At the edge of town is the second museum we visited, the former prison itself, in operation from about 1911 to 1947. It was built to house hard-core convicts and political prisoners – but constructed here to help establish an Argentine presence in the area (an instant “settlement” that the prisoners were forced to help build the infrastructure for, including parts of the prison itself). It is a huge complex, with 380 cells designed to hold over 700 prisoners. Some of the wings have been left as they were when the prison was closed, the rest of the cells hold mini-galleries highlighting the maritime history of the area, partially through an extensive series of amazing model boats all made to the same scale by one man. The displays describe the impact of missionaries, gold-seekers, and farmers had on the native population (now essentially extinct), the various waves of immigration from Croatia and Italy in particular, and aspects of daily life over the past century. If we had one complaint it is that there is far too much text – it was like trying to read a dense book one page at a time – they have everything they know about everything up on the walls, it would take days to read it all. We decided to pick and choose a few descriptions to read and not feel guilty about skipping the rest!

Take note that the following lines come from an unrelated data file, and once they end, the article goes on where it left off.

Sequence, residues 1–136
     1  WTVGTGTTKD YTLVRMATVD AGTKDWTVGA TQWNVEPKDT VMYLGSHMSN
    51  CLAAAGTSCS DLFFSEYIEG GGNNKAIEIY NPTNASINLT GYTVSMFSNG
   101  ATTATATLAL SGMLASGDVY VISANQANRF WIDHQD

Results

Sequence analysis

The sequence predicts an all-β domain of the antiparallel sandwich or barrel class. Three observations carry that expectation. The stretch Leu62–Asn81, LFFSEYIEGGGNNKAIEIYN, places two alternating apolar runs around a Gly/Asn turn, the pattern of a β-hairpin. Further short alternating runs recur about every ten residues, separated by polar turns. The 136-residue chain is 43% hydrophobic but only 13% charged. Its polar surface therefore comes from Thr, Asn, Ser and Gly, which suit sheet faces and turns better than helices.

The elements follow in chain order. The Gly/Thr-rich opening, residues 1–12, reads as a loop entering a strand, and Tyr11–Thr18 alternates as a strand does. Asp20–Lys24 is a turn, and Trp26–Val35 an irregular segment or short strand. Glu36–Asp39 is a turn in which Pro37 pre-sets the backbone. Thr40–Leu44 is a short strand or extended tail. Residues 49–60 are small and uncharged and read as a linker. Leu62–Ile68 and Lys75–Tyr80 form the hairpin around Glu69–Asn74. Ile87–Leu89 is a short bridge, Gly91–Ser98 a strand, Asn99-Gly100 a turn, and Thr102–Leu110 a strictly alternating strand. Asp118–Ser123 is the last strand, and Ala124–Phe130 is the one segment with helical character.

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It was fascinating to see how Argentina views local historic figure Julio Popper. In Chile, he is characterized as a key organizer in the hunting and killing of Selk’nam people on behalf of sheep farmers who were operating in Selk’nam territory on Tierra del Fuego and complaining that the Selk’nam were killing their sheep. A photograph of Popper and several others pointing rifles into the distance with a Selk’nam body at their feet is used to illustrate this description. It’s a completely different story here – he is revered as an explorer and inventor, as a business tycoon who minted his own currency and printed his own postage stamps, and as a military leader who bravely held off attempts by Chilean forces to move into parts of Tierra del Fuego that Argentina had laid claim to. Under a copy of the very same photo the caption suggests the men were simply “posing” during an “encounter” with native people, and that yes, a few were killed or injured on both sides. Certainly no suggestion that he was engaged in what we would easily now describe as genocide.